MAC-Interiors hit by problems on UK construction jobs

The High Court in Dublin has appointed an interim examiner to troubled Newry-based fit-out firm MAC-Interiors. 

The company, which has been in business for more than two decades and has offices in Newry, Dublin, London and Birmingham, is incorporated in Northern Ireland. 


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Examinership is a process in Irish company law in which businesses receive court protection from creditors to return to viability

It is registered for tax in the Republic of Ireland, however, and has sought protection from its creditors in that country’s courts, on the basis that most of its employees and its biggest workloads are based there. 

A loose equivalent of administration, examinership is a process in Irish company law by which court protection is obtained to assist the survival of a company, allowing it to restructure with the approval of the High Court. 

It is only available in instances where a company is insolvent but there is a possibility of survival. 

According to accounts filed at Companies House in the UK, MAC-Interiors turned over £117m in the 18 months to 30 June 2021, recording just under £1m pre-tax profit in the same period.  

This reporting period was extended to 18 months to encapsulate the immediate impact of covid-19 in one set of financial results, according to a statement by the chief executive.  

The firm specialises in office fit-out and serviced a range of blue-chip clients including PayPal, Microsoft, Mastercard, Unilever, Workday and Bristol Myer Squibb, but ran into trouble due to losses on UK construction jobs, as well as the challenges of the pandemic and the subsequent inflationary environment.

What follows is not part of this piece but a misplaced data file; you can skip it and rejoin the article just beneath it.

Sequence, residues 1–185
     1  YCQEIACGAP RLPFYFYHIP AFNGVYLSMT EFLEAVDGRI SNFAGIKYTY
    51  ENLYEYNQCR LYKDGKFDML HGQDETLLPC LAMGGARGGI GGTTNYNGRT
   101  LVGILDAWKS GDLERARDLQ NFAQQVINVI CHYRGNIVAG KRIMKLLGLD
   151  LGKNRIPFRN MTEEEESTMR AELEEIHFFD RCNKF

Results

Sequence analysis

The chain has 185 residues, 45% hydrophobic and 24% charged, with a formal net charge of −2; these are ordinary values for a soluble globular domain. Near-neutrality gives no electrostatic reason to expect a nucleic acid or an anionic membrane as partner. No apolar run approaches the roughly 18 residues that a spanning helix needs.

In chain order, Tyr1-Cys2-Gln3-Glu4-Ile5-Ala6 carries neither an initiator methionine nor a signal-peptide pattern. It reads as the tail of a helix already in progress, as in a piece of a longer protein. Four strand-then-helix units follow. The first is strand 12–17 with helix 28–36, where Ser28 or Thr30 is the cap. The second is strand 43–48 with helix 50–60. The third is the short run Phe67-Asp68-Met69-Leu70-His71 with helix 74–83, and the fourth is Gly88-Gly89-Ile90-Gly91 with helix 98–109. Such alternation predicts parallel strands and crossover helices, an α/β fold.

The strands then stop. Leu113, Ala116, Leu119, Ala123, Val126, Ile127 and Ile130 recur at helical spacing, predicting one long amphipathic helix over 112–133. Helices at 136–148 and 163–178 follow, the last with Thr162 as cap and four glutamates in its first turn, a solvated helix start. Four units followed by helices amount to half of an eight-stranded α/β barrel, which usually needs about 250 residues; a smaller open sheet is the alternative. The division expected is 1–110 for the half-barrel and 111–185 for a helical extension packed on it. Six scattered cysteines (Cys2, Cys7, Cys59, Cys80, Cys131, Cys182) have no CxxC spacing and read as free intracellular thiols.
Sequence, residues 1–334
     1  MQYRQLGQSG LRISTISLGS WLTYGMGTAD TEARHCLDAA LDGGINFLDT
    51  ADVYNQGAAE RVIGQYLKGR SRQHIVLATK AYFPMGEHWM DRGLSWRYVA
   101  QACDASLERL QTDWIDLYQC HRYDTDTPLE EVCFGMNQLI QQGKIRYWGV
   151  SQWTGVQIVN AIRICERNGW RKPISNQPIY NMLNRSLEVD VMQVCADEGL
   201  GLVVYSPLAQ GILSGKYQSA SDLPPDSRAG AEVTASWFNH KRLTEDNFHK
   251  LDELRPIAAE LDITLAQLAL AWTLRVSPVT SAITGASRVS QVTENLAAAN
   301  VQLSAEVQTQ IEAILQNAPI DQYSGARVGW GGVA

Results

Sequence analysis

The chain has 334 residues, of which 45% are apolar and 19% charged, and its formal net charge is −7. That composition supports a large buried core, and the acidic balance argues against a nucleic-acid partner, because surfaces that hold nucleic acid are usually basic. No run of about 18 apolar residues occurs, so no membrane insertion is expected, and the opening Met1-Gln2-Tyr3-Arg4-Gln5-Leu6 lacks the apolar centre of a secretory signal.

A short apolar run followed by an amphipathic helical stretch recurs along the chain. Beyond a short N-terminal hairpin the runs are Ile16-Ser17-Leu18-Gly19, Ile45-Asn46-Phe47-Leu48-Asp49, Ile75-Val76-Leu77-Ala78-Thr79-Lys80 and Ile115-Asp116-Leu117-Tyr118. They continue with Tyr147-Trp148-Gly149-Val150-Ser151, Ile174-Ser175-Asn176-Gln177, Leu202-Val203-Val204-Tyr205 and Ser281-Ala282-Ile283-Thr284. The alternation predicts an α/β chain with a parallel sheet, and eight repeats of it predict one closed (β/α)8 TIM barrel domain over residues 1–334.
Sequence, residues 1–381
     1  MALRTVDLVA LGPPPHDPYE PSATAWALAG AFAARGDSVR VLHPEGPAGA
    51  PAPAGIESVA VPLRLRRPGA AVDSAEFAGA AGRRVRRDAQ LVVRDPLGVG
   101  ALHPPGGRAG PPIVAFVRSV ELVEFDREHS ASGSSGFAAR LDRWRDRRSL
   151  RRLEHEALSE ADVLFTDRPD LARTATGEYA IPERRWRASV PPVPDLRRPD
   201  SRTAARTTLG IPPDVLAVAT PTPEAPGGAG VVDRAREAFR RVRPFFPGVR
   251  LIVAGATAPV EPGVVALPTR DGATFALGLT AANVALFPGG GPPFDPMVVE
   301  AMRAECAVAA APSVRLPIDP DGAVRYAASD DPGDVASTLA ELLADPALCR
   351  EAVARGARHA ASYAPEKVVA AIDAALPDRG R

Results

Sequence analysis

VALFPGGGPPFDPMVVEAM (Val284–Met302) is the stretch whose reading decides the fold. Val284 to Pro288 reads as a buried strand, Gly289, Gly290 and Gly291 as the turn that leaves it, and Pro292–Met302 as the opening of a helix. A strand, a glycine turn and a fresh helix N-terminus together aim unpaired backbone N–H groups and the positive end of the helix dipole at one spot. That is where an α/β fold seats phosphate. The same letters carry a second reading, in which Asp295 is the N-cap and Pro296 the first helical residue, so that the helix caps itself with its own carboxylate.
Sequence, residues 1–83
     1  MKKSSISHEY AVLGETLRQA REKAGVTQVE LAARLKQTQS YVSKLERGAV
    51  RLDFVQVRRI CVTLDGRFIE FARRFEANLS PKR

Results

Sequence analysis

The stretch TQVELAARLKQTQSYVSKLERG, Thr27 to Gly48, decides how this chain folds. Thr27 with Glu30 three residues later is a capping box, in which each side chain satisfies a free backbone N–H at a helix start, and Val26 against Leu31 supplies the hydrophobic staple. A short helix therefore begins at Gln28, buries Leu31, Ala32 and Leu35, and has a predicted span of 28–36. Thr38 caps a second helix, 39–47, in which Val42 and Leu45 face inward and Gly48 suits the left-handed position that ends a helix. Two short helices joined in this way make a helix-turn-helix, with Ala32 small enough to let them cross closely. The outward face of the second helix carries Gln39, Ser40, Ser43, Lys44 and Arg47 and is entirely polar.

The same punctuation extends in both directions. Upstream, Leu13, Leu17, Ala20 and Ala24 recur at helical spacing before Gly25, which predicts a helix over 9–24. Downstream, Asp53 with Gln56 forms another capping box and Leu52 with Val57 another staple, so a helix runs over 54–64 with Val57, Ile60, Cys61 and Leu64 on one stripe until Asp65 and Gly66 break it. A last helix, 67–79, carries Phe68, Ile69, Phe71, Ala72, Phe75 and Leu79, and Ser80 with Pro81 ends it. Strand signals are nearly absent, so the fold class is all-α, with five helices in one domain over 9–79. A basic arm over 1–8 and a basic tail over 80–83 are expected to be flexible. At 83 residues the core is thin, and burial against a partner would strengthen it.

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Company founder and managing director, Paul McKenna, said: “This is a difficult period for us as a company but we have acted responsibly and sensibly in order to create the opportunity for future stability and the safe delivery of the projects we are working on currently and those starting in the near future.  

“We have been building MAC for over 20 years and we have taken this step because we believe strongly that we have the right team and the relationships with our suppliers and clients to come through this period with our business in a stronger position and our projects delivered on-time and on-budget.  

“We will start work with the interim examiner immediately to help bring in new investment and to chart a positive way forward for the business.”

Kieran Wallace of Interpath Advisory has been appointed as the interim examiner, with a confirmation hearing is scheduled for 14 June. 

The Irish News has reported that MAC-Interiors had taken steps to address its financial problems, including cutting more than half its staff – numbers dropping from 85 to 41.